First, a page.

What Kinds of Returns Should Real Estate Investors Expect?

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Larry Jacobson, President

Introduction

 

Many long-time commercial real estate investors have grown accustomed to earning double-digit returns on their equity (cash flow plus appreciation). Indeed, commercial real estate has performed exceptionally well over the past few decades. Those who buy-and-hold real estate have been able to weather economic ups and downs, even amid broader market volatility.

 

In a period of sustained low interest rates (making it difficult for savers to achieve their long-term financial goals) and given the sector’s strong performance, it is no wonder that more investors have begun adding commercial real estate to their portfolios. Once considered an alternative investment, real estate has now become more mainstream. Institutional investors continue to add real estate to their portfolios with record speed.

 

The attractiveness of commercial real estate has resulted in unprecedented competition for these assets, which in turn, has driven prices to all-time highs. “Build more,” would be a simple solution, in theory, but new construction carries several risks which are compounded by construction costs that continue to rise.

 

This confluence of factors means that the double-digit returns that many investors have come to expect are simply no longer feasible under current market circumstances.

 

However, that has not stopped investment from pouring into the sector. Returns may be lower than investors have historically expected, but these returns remain competitive compared to alternative investments. It is important for investors to understand why. 

 

In today’s article, we take a closer look at the factors that influence project returns and explain what type of returns real estate investors should reasonably expect to earn if investing today.

 

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Key Real Estate Investment Terms to Understand

 

In order to appreciate how returns are calculated, there are a few key real estate investment terms that any prospective investor should understand. These terms are as follows:

Risk Free Rate


The risk-free rate is a theoretical rate of return that assumes an investor earns interest on an investment with zero risk. Most investors will use the U.S. Treasury bond rate as the risk-free rate of return. This is because treasury bonds are guaranteed by the full faith and credit of the United States and thus there is practically no chance the U.S. government will default on its obligations. The size and liquidity of the bond market further contributes to the perception of its safety.

 

As of June 2021, the 10-year Treasury Rate was approximately 1.6 percent, give or take, depending on daily market fluctuations. For context, U.S. Treasury bonds peaked at just over 14.5 percent in the early 1980s. The risk-free rate today hovers around historic lows. The federal government lowered the rate in the wake of the Great Recession, and while it climbed slightly over the past decade, it dropped again in an effort to stimulate economic activity following the onset of the COVID-19 pandemic. Even if the risk-free rate climbs, experts do not expect the rate to exceed 2 or 3 percent for quite some time.

 

Basis Points

 

A basis point is one one-hundredth of one percent. A basis point is the most common measurement of quoting changes to interest rates or yields on bonds. Someone might say, for example, that an interest rate is 50 or 75 “bps” or basis points above prime, which means the rate is 0.5 or 0.75 percent above the prime rate.

 

Spread


The term “spread” is used in a few different ways in real estate. One such way refers to the difference between the risk-free rate and the unlevered (i.e.; all cash) rate of return (also known as the “cap rate”) an investor might expect to earn on a specific deal.  Institutional or other sophisticated investors often look for the spread between the cap rate and the risk-free rate to be 200-300 basis points when investing in a stabilized and cash-flowing asset.   The spread between the risk-free rate and the cap rate is often referred to as the “risk premium”, as it represents the premium an investor expects to receive for the marginal increased risk of investing in real estate as opposed to a treasury bond guaranteed by the United States government. It is important to note that the spread between the risk-free rate and the cap rate does not reflect the actual difference in return to the investor since most real estate is purchased using leverage, or borrowed money, which increases the actual net returns to the investor.   However, since the amount of leverage used by different investors varies, evaluating the spread between the risk-free rate and the cap rate of a particular acquisition is a helpful tool in determining whether a given property is fairly valued and will generate an appropriate return to the investor given the risk involved.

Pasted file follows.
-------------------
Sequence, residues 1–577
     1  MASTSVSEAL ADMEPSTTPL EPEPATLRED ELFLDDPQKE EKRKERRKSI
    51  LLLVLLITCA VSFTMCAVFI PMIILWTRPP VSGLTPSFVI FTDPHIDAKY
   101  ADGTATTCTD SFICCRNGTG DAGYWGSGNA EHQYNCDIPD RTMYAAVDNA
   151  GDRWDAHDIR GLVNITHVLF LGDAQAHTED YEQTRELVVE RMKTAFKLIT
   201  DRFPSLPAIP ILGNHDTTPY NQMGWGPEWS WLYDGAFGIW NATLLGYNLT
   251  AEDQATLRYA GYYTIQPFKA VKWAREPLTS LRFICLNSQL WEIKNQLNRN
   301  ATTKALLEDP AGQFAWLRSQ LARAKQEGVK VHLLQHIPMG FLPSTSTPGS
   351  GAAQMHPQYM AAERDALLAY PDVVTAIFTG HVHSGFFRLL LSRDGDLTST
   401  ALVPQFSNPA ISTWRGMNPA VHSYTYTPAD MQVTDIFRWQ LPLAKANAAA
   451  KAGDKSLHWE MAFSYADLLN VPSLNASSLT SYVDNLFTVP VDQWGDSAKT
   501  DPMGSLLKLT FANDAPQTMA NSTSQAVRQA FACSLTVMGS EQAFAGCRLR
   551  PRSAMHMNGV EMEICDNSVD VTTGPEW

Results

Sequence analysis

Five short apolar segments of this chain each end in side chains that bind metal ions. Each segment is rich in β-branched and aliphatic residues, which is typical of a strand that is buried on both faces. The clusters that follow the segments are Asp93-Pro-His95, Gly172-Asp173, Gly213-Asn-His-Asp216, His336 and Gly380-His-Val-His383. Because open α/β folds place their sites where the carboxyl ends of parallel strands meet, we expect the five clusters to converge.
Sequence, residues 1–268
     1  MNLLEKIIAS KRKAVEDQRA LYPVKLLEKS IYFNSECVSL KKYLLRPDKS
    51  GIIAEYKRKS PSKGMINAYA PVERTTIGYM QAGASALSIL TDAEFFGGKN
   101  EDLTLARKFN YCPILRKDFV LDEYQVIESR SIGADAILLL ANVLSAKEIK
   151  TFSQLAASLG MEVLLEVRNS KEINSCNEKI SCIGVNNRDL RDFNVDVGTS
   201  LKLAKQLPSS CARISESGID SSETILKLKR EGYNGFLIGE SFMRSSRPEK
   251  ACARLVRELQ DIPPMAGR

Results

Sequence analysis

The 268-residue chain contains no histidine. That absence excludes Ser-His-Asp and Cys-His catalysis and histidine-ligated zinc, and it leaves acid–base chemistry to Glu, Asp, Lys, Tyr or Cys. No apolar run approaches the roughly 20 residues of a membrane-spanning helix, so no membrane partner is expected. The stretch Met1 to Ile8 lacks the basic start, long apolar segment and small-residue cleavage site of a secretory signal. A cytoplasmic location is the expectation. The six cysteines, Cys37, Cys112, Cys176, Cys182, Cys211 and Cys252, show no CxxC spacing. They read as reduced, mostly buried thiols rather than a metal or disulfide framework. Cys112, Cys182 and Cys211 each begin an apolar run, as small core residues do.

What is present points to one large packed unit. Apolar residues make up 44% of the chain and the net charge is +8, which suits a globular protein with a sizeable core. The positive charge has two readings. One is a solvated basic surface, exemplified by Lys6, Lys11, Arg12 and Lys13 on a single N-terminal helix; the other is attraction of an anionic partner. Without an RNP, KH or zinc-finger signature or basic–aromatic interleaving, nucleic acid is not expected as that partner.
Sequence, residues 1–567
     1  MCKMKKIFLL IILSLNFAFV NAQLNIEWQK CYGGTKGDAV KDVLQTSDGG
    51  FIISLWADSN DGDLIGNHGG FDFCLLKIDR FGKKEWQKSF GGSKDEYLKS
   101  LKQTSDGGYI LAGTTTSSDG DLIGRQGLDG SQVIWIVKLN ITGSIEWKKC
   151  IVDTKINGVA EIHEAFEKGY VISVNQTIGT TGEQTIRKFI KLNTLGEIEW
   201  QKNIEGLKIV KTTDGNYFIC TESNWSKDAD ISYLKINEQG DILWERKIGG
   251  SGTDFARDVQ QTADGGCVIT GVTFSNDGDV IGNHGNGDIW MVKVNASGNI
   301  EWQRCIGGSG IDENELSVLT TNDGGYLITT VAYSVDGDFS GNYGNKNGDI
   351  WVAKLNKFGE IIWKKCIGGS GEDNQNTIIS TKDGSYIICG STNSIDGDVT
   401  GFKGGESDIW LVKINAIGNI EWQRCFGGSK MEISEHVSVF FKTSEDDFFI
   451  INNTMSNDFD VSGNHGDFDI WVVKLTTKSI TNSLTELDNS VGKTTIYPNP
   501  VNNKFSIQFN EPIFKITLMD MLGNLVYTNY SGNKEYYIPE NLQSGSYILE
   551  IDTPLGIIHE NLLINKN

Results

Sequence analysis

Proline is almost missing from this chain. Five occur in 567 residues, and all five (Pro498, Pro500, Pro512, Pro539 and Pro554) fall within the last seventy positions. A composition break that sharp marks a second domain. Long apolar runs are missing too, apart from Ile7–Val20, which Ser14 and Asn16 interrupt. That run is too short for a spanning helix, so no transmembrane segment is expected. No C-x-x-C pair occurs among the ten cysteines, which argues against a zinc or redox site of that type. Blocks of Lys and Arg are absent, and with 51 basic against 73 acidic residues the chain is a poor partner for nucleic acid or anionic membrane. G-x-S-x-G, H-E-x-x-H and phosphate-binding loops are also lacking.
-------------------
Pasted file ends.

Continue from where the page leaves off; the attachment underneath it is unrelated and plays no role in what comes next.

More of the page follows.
Because what most investors reading this care about is understanding what is an appropriate return to them for a given real estate investment, this article will generally use the term “spread” to refer to the difference between the leveraged rate of return and the risk-free rate.

 

Cap Rate


Cap rate (“capitalization rate”) is perhaps the most popular tool for quickly weighing real estate investment alternatives. Cap rates are used to estimate the potential return an investor will make on a property. Cap rates are calculated by dividing the unlevered net operating income (NOI) by the property value. For example, a property worth $10 million that generates $500,000 in NOI is said to have a 5% cap rate.

 

Cap rates tend to have an inverse relationship to value. Typically, more valuable assets have lower cap rates and vice versa. The higher the cap rate, the “better” the potential returns for investors (although higher cap rates also tend to equate to higher risk or inferior properties or markets).

 

Internal Rate of Return - IRR


The internal rate of return, or IRR, is an important way to value an investment opportunity. It attempts to express what someone will make on an investment over the course of the entire holding period, adding up the total net cash flow they receive during the hold period and their share of net profit received upon sale of the property but taking into account when those cash flows are actually received in time.  In short, IRR is a value that describes the sum of all future cash flows, according to when they occur in time, divided by the amount of equity invested in the property. The sooner the same earnings from an investment are received, the higher the IRR.